I recently tested Redfield’s CounterStrike, a tactical red/green dot sight with an integrated 5mw red laser. It turned out to be a pretty quick reflex sight — definitely suitable for duty use, and priced for wide adoption.
The CounterStrike optic projects a 4MOA dot on target using a 150x30mm (approx.) main tube with an integrated mount.
Clicking a sealed pushbutton on the left side plate of the CounterStrike powers the reticle. You turn the unit off by holding this switch down for two seconds. The reticle intensity is controlled by a separate set of nearby switches, which are easily found by the fingertips. The reticle maintains its last intensity adjustment when powered off/on.
The laser is independent of the optic and fires from the MIL STD 1913/Picatinny rail base. Windage and elevation adjustments for the laser are also separate. A single CR 123 battery powers the entire unit. Although I’ve been testing this unit for several months, I’m still on the first cell.
Most of the unit is made up of machined aluminum. The turrets and battery compartment have machined caps and o ring seals. The turret caps are tethered. This ruggedized, nitrogen-filled optic is completely waterproof, shockproof, and fog-proof.
A Positive Influence
While Redfield has been around since 1959, its reputation for outstanding value didn’t take hold until optics legend Leupold acquired them in 2008. Shortly after this acquisition, I was getting a tour of the Leupold headquarters in Beaverton (Ore.), and I asked the obvious.
“Where are the Redfield products going to be manufactured?”
“Here,” was the reply.
“In the same state?”
My tour guide pointed at various machining areas on their manufacturing floor. By that time, I’d been testing firearms products for almost a couple of decades. I commented that Redfield customers were about to receive the greatest bargains in firearms history.
Fast-forward a few years. Redfield’s premium products — like the Revolution Series, a fair percentage of their line — are still built in Oregon.
The CounterStrike rail and crossbolt mount didn’t allow any play in the unit. It also indexed well after remounting, which was easily confirmed by a few well-placed rounds downrange. The settings were repeatable. The laser-lock screws and turret caps prevented any tampering with the settings.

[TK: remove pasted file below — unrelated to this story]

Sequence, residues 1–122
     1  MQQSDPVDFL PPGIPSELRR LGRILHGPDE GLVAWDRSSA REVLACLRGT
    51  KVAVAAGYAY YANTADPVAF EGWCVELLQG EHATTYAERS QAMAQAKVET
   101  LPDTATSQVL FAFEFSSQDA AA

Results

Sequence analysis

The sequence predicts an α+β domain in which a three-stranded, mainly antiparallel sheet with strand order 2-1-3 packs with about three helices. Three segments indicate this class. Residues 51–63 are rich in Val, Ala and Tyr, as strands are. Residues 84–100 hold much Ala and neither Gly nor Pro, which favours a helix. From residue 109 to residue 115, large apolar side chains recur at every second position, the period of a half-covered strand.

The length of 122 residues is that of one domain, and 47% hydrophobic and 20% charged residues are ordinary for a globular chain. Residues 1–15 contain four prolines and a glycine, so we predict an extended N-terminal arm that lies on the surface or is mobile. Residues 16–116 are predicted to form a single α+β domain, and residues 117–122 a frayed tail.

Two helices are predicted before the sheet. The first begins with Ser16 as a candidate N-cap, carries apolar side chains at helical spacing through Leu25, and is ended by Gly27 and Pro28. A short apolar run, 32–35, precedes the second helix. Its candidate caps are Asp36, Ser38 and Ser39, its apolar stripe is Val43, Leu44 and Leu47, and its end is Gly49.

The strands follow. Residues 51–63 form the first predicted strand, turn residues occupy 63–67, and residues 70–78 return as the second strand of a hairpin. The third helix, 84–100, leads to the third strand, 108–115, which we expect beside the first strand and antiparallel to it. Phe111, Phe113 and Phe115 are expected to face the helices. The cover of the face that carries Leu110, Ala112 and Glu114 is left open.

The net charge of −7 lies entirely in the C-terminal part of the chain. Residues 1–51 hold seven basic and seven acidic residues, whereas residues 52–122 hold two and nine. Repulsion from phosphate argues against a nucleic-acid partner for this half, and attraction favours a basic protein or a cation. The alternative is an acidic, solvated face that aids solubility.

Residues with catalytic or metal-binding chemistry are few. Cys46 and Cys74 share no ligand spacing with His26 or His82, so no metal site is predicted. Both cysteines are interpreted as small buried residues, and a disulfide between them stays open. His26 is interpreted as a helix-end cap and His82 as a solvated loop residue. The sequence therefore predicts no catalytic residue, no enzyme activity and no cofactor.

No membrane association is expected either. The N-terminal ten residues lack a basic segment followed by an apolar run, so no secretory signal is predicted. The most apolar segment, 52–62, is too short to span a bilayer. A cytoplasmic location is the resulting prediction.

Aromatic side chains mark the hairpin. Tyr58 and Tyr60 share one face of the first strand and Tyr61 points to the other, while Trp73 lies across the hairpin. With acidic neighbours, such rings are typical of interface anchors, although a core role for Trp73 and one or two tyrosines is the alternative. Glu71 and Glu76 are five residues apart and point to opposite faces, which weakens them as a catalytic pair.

The 5mw laser was daylight bright and served as a co-witness to my sighted-in optic. Since the reticle uses ½ MOA clicks, it was very easy to walk laser, reticle, and projectiles into the same place. There is a coin slot for windage adjustments for the laser.
I found the CounterStrike was well suited for quick, sub-100-yard engagements. I co-witnessed the laser and optic at 25 yards, which only took a half dozen rounds. For an entry optic, the CounterStrike laser switch is intuitive, but I would prefer a momentary switch option.
Target engagement is very quick with this product, and the superimposed sighting advantage will not be lost on tactical users.
I like being able to switch between red and green. The dot is bright and concentric, and there is no evidence of shift, even though two colors mean two different emitters. There is little spurious reflection inside the tube, and coatings allow for good light transmission.
Suitable for Patrol Use
The CounterStrike is a little heavy for an optic, but it is lighter than a separate optic and laser unit. Despite my abuse, it shrugged off shocks and bad weather. The glass is recessed enough that its protection could only be overcome by user error. I did not scratch the matte finish, even after re-mounting it on several different carbines.
I soundly beat this product up in my range bag, mounted it on several carbines, and in weather that allows me the whole range to myself. Redfield is here to stay, and it’s worthy of the name.
The bottom line: I found the CounterStrike to be a little heavy for a lightweight AR-15. It added a little to the midpoint of the carbine. For a mid-weight AR-15 (in the seven-pound area), though, this is an excellent choice. I anticipate its best application is for the marked patrol unit.
When agencies see the price point on the CounterStrike, I expect to see a lot of them around.